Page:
Alright, alright, I know you’re thinking, “Really, another article about the whole Miley/Sinead/Amanda thing?”
To which I say, yes, “I can’t stop and I won’t stop.” And then you say “Ugh, if you’re going to make a joke about a Miley song at least make it—” and then I interrupt you, loudly singing “I came in like a WRECKING BAAAAALLL.”
It’s easy to want to move on from the letter-writing controversy or to to chalk the whole episode up to a celebrity fight, but I think the conversations that have arisen from the dialogue are a good reminder of the past feminist movements that helped shape a definition of modern day feminism.
Sinead O’Connor and Amanda Palmer reflect a cross-section of our society (albeit a very specific section: white, able-bodied, economically stable women). Their opinions, and the various reactions to their opinions, represent varying definitions of feminism. While Sinead says, “Real empowerment of yourself as a woman would be to in future refuse to exploit your body or your sexuality in order for men to make money from you,” Amanda says, “We gotta give Miley (and every female) space to try on her artist’s uniform. It’s like a game of cosmic dress-up, but the stakes are high. If we’re allowed to play it, we’re empowered. If we’re not, we’re still in a cage.”
The letters are almost text-book representations of second and third wave feminism; though there are only eleven years between Sinead and Amanda, it’s kind of like listening to your mom and older sister give you advice. The generational/philosophical gap between the two indicates a major shift in how we think about, discuss and perform feminism and female sexuality.
Sinead’s admonishment of Miley’s hyper-sexual performances is representative of second wave feminism. She dismisses the star’s behaviour as the brainwashing influence of patriarchal forces and disdainfully refers to the whole act as “prostitution.” Sinead’s opinion is considered an antiquated view on female sexuality and has been referred to by many as slut-shaming. However, though the framework may be out-of-date and sex-negative, the questions she poses are still relevant: Who is defining your sexuality? What forces are influencing the way you perform?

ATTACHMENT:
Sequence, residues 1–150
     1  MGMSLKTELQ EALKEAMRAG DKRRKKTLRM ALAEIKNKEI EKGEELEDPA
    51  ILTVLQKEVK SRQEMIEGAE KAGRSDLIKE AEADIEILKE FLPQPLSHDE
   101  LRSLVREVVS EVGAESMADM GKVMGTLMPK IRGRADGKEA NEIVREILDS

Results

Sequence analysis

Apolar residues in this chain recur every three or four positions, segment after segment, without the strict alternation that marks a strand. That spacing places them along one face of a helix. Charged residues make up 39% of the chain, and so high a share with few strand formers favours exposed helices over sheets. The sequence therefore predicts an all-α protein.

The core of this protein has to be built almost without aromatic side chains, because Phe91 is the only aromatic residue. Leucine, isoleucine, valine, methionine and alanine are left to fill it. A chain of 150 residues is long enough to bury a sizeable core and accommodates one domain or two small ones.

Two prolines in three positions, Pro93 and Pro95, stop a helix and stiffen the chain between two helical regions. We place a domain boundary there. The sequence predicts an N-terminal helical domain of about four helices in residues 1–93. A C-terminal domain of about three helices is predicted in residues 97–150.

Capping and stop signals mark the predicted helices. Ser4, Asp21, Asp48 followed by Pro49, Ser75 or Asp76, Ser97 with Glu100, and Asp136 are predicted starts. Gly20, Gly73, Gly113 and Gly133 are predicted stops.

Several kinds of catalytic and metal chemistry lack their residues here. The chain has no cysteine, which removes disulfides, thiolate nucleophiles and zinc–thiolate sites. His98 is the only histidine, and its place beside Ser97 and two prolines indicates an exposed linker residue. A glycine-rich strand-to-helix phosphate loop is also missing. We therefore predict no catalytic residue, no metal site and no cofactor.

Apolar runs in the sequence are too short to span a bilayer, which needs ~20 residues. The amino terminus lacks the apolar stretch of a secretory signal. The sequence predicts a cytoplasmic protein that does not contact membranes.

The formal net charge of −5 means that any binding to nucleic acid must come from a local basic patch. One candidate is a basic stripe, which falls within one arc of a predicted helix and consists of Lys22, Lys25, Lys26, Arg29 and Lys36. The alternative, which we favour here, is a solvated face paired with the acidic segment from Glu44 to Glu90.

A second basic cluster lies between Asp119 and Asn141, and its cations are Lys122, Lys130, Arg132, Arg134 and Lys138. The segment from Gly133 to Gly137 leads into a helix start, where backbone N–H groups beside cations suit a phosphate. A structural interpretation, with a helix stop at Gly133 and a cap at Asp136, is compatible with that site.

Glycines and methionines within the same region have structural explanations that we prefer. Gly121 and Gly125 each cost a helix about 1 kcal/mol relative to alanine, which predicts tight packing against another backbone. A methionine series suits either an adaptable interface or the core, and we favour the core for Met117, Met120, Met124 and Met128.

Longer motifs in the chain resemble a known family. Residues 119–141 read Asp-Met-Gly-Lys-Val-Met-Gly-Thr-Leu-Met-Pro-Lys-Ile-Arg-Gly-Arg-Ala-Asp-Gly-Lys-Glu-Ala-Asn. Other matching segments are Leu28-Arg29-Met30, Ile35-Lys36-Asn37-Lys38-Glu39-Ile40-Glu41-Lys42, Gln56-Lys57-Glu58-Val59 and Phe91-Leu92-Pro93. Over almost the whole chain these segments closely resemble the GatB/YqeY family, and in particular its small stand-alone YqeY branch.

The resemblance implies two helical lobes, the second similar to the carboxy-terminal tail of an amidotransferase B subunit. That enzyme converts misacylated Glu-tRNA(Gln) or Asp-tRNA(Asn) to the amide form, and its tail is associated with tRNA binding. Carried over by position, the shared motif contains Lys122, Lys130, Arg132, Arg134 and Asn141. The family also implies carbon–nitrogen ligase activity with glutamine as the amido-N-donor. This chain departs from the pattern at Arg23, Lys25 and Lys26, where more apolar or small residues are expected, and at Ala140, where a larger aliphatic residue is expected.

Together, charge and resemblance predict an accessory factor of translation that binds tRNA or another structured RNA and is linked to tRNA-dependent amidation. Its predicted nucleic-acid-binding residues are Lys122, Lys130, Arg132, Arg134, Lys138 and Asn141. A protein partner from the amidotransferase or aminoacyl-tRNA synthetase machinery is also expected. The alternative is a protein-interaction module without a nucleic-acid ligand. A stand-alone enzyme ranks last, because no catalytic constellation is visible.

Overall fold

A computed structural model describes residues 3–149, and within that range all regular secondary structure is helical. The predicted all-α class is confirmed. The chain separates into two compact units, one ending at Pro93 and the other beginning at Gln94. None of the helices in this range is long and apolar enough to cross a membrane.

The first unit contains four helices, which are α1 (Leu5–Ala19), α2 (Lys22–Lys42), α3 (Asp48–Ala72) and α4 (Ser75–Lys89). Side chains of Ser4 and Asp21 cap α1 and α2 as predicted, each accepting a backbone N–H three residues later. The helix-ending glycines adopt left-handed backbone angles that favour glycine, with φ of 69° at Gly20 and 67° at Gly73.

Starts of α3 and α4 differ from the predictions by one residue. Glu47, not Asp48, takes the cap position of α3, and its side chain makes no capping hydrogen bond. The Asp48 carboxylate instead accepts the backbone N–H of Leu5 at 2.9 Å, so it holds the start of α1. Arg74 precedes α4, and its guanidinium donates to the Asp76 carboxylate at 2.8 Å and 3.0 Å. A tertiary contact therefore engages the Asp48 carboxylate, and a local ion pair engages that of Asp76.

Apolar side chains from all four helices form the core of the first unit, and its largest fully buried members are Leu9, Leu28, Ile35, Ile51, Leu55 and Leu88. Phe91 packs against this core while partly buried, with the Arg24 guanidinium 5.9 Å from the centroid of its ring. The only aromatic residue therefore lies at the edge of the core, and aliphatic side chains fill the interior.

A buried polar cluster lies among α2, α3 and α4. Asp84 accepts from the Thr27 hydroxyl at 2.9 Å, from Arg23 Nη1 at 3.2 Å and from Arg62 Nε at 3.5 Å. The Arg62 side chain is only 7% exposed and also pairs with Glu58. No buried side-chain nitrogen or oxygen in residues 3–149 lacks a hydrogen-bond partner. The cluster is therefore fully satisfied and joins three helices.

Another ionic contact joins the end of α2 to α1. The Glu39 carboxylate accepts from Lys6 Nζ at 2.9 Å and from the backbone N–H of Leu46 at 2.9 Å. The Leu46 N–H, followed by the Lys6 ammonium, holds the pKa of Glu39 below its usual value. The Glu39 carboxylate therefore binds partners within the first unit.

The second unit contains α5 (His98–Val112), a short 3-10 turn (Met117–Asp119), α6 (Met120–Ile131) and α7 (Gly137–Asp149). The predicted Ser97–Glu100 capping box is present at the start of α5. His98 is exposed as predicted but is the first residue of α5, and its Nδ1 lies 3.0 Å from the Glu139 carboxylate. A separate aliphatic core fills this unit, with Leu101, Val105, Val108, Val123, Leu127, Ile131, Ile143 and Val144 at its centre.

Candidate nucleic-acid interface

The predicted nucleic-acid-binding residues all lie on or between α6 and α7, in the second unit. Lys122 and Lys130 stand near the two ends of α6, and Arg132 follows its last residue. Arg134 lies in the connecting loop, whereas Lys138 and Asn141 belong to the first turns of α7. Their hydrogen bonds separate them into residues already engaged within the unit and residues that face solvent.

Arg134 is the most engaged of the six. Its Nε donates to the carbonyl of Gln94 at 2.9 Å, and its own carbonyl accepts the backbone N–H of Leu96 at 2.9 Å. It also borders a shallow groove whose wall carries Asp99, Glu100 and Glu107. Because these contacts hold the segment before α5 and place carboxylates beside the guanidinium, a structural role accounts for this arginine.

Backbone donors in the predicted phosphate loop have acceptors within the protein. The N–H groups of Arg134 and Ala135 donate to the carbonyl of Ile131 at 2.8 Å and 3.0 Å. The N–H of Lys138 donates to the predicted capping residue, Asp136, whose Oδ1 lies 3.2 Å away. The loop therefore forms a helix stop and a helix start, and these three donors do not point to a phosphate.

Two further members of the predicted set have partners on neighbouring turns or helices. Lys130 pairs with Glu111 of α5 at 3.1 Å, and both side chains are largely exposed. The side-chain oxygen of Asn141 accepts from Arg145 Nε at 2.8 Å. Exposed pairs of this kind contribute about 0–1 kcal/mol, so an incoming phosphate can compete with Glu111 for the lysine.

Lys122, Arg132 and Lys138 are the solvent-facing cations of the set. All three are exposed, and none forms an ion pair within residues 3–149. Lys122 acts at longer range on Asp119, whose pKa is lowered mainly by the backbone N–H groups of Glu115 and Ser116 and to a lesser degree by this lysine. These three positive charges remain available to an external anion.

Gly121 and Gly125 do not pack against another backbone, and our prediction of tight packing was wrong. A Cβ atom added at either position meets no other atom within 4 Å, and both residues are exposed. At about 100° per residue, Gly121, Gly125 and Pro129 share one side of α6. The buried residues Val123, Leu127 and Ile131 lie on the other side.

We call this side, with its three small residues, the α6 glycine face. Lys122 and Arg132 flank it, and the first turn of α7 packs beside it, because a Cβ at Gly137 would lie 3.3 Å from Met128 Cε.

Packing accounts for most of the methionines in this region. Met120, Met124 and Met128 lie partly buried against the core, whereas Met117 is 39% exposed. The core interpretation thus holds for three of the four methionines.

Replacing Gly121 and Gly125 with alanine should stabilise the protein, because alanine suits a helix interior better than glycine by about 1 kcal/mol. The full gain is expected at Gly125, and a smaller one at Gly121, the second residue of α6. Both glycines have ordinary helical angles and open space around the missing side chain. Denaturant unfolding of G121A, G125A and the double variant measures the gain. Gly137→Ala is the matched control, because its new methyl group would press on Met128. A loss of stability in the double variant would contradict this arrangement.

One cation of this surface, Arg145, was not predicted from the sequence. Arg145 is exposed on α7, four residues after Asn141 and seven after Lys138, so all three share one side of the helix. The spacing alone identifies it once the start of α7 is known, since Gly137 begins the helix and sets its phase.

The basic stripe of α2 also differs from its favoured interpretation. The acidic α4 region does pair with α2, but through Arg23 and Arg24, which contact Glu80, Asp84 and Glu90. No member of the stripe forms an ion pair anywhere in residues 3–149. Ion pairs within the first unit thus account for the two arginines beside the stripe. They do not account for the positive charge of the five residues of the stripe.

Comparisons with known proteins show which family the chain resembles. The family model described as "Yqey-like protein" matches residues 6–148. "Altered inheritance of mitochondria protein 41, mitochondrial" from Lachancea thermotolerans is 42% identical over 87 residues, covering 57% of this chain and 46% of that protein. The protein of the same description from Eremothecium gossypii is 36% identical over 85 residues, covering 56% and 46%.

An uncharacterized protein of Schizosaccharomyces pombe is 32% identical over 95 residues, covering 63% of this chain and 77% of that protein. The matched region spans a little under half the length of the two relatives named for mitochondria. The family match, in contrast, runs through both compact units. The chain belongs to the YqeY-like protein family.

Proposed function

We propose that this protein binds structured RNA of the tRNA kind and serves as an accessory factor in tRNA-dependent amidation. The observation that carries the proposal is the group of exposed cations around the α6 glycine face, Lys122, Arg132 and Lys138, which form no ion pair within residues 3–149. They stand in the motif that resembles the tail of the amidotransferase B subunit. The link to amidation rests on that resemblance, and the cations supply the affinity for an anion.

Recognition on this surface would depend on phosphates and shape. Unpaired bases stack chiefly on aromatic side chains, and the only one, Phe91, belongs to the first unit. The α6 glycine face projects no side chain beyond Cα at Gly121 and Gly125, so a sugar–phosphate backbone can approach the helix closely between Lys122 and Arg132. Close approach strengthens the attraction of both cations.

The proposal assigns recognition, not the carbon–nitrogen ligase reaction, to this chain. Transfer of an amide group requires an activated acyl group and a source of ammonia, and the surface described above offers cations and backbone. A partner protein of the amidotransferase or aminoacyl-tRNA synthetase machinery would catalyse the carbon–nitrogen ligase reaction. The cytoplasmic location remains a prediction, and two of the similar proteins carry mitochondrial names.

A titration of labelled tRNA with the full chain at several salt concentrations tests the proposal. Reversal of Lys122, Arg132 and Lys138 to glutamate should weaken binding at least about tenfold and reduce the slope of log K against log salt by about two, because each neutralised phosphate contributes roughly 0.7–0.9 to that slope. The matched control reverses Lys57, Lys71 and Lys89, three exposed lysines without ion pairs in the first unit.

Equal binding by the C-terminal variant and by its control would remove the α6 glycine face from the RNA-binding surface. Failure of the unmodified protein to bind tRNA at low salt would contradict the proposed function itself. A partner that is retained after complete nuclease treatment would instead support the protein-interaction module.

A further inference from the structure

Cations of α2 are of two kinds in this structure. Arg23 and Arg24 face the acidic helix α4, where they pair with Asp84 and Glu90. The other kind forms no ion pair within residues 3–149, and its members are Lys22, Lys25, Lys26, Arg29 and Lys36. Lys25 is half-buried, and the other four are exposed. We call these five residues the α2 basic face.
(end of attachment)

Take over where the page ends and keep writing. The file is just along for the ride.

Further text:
Conversely, Amanda’s letter assumes that Miley has already asked herself these questions and is making artistic choices independently. Her letter represents a third wave of feminism which is marked by a freedom of self-expression that includes the readoption of traditional forms of femininity. It is a movement that says, as Amanda puts it, “You go girl and wear whatever the fuck you want. And play smart.” Amanda’s letter to Sinead asks that there be room for all types of artistic expression and experimentation, including nudity and sexuality, as “… the field has to encompass EVERYTHING”.
Her call for differing forms of expression hints at the departure from the second wave notion of “universal womanhood” towards an intersectional definition of feminism. We are women. But we are not the same woman. We come from different socio-economic, ethnic and cultural backgrounds. We have different bodies and different sexual preferences. These factors influence our individual definitions of feminism. The movement towards intersectionality allows for multiple views on what it means to be feminist as well as multiple modes of expression.
However, the danger of third wave “do what you want” feminism is that we will forget to “play smart” and ask ourselves the questions that Sinead and past movements put forth. In the hustle to self-define we can’t forget that many (if not most) of the issues identified by second wavers remain. The patriarchal structure (or game, as Amanda refers to it) hasn’t changed, but our tactics have. Amanda puts it nicely when she says “If men and women don’t have a constantly open dialogue about how we do and don’t (or should and shouldn’t) manipulate and play with each other, we all lose… [Let’s] make the playing field for all of us the size of the whole earth.”
You don’t have to wholly agree with Amanda or Sinead or second or third wave definitions, but by discussing and assessing them respectfully you can actively shape your opinion on gender and identity performance.
So don’t stop talking about this stuff. Talk to your friends about it. Talk to your mom and sister about it. Keep on sharing your opinions and asking questions. There are still a lot of walls to break down and dialogue can be just as strong as, say, a wrecking ball. (CUE THE MUSIC.)